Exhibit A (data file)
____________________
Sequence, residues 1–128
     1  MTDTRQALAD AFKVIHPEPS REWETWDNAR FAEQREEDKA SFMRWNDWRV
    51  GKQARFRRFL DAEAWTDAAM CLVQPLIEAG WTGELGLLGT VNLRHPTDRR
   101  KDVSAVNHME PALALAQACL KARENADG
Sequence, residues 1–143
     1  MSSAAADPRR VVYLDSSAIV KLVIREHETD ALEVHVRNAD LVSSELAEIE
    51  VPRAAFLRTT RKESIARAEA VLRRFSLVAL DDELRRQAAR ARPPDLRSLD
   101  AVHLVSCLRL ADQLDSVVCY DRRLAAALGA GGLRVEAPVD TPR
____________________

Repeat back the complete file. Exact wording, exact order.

Sequence, residues 1–128
     1  MTDTRQALAD AFKVIHPEPS REWETWDNAR FAEQREEDKA SFMRWNDWRV
    51  GKQARFRRFL DAEAWTDAAM CLVQPLIEAG WTGELGLLGT VNLRHPTDRR
   101  KDVSAVNHME PALALAQACL KARENADG
Sequence, residues 1–143
     1  MSSAAADPRR VVYLDSSAIV KLVIREHETD ALEVHVRNAD LVSSELAEIE
    51  VPRAAFLRTT RKESIARAEA VLRRFSLVAL DDELRRQAAR ARPPDLRSLD
   101  AVHLVSCLRL ADQLDSVVCY DRRLAAALGA GGLRVEAPVD TPR